Comparative Analysis of Eight National Strategies on Entrepreneurship Education()
This document contains a comparative analysis of eight countries’ national strategies or initiatives for entrepreneurship education. The work was carried out in collaboration between members of the ‘National Strategies Cluster’ in the Innovation Cluster for Entrepreneurship Education (ICEE) project from June 2015 to July 2016. The working group had the purpose to share information about national plans supporting entrepreneurship education; analyse systemic issues that drive or hinder the success of a plan, come up with suggestions on how to develop and implement a strategy, and how to review and improve it on a regular basis. The countries involved are Belgium (Flanders), Croatia, Denmark, Estonia, Finland, Italy, Latvia, and Norway. Information from other countries and/or information at the European level are included across the document.
The countries represented in the cluster are at different stages of development and implementation of a national strategy for entrepreneurship education. The analysis seeks to bring out similarities as well as differences between the countries and to identify what the success factors are when it comes to set and scale up national initiatives supporting entrepreneurship education. The analysis and comparison is made by using as an analytical tool the “Progression Model for Entrepreneurship Education Ecosystems in Europe” – which provides a framework for a systematic development in the area, with the ultimate goal of entrepreneurship education being available at every school and for every student in the Member States.
By taking into account the key components described in this framework, the following dimensions have been identified by the ICEE cluster on National Strategies as being important in any country’s efforts to move ahead with entrepreneurship education in a structural and efficient way:
- Provide a broad policy platform for the work; a cross-ministerial collaboration, with the Ministry of Education in a leading role and with actors from as many policy domains as possible.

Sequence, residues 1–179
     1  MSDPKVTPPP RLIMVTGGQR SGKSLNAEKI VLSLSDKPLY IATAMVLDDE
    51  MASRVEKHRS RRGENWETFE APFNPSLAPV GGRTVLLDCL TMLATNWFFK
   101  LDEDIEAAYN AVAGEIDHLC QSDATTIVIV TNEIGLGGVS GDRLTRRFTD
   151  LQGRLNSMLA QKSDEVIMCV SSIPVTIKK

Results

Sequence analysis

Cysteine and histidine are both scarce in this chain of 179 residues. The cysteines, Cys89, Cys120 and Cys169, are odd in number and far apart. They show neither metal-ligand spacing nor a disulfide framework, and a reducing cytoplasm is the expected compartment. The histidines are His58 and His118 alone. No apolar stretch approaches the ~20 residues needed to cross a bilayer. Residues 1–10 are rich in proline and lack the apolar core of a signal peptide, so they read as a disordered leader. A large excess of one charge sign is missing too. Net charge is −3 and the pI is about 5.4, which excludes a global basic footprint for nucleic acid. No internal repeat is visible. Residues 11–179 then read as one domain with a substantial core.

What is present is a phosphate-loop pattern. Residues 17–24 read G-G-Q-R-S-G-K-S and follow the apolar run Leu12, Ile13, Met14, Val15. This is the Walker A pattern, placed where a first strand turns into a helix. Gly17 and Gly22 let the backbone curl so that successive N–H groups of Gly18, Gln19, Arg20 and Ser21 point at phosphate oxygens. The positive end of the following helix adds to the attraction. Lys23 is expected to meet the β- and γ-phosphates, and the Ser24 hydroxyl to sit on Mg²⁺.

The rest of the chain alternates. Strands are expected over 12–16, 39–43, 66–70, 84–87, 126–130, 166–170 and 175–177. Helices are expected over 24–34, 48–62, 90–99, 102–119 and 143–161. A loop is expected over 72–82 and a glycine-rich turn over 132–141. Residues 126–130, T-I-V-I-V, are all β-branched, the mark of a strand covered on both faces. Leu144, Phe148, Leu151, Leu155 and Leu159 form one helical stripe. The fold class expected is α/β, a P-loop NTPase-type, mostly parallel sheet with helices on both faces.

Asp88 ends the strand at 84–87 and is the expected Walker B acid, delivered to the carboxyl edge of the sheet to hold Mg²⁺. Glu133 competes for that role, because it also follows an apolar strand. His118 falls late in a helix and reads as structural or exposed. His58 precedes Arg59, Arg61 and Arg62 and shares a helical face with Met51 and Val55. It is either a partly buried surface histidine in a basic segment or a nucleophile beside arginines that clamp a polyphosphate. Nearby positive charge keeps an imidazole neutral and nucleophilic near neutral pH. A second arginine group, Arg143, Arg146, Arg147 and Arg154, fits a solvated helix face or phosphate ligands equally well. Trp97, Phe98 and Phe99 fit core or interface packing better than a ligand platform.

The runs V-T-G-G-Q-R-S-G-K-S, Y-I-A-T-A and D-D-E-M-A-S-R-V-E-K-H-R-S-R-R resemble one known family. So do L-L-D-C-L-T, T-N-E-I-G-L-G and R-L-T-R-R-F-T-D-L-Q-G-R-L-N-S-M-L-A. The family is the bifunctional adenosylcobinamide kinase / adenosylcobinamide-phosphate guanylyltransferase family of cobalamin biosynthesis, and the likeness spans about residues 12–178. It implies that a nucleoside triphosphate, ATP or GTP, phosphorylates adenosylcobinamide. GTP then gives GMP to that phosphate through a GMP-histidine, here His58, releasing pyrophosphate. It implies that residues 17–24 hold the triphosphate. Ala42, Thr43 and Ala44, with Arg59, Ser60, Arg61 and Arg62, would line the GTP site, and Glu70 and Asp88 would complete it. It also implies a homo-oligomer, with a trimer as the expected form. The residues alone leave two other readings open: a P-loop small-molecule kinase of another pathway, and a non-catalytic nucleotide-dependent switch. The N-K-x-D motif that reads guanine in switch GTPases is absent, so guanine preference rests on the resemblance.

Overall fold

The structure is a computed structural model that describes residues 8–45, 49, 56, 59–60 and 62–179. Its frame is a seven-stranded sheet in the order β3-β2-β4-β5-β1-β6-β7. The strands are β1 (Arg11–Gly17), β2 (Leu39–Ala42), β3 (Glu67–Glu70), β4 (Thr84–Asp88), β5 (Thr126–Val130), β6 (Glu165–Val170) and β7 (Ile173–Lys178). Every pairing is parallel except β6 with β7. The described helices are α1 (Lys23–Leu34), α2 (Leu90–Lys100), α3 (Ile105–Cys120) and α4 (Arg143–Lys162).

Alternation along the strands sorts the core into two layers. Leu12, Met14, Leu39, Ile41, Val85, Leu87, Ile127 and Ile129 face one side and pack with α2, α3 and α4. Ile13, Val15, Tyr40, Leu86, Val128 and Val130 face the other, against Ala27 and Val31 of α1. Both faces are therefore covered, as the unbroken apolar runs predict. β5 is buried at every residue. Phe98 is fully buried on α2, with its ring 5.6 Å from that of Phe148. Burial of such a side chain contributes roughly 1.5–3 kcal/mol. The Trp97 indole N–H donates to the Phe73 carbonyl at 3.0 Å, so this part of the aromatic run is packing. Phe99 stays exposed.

- Agree on a joint and broad vision of entrepreneurship as key competence for all learners as well as on the role and purpose of entrepreneurship education which supports personal development, active citizenship, social inclusion and employability, rather than only being associated with business.
- Have strong involvement from the education and business sector and seek intensive engagement from organisations such as employers’ organisations, unions and other national organisations that can support and strengthen dimensions in entrepreneurship education.
- Maintain strong stakeholder relations; create win-win situations, involve stakeholders in designing, planning, implementing and evaluating policy and activity.
- Understand and recognise the key role NGOs such as Junior Achievement can play as entities responsible for implementation and national support.
- Respect the autonomy of educational institutions as long as they comply with national qualification framework or steering documents.
- Work from top to bottom (macro) as well as from bottom up (micro), and remember the level in-between (meso), constituted by such stakeholders as school principals and school management.
- Implement initiatives at all education levels and in all educational fields through a progression model.
- Acknowledge the teachers’ role to function as facilitators.
- Cover entrepreneurship in initial teacher training as well as in continuous professional development.
- Map the spread and measure the impact of entrepreneurship education.
- Build in measures to evaluate and monitor the strategy initiatives. Link the strategy to an evaluation plan.
- Create visibility and raise awareness about entrepreneurship education.
- Ensure career guidance for young people who want to realise their entrepreneurial ideas/make start-ups during and after their education.
Based on the experiences from the eight countries involved in the analysis, the development and implementation of national strategies on entrepreneurship education is often a long and slow process. Several challenges lie in their design and implementation but a deeper understanding about success factors and key elements to consider may help new countries moving into this area.
After an introduction about the ICEE project and its cluster on National Strategies (Chapter 1), this document provides an overview of the analysis (Chapter 2) with details about countries achievements (Chapter 3) and offers detailed information about success factors and key topics that should always be covered in a national strategy on entrepreneurship education (Chapter 4). An overview of the good practices identified by the cluster closes the document (Annex 3).